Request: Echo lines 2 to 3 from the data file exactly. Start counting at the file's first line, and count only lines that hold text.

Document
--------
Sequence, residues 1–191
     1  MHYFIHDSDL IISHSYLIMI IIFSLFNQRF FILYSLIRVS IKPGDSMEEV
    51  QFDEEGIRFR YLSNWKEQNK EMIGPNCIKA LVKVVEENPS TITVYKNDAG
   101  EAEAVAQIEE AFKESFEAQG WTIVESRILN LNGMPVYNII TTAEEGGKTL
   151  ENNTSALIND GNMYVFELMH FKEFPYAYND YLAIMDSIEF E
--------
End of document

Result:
     1  MHYFIHDSDL IISHSYLIMI IIFSLFNQRF FILYSLIRVS IKPGDSMEEV
    51  QFDEEGIRFR YLSNWKEQNK EMIGPNCIKA LVKVVEENPS TITVYKNDAG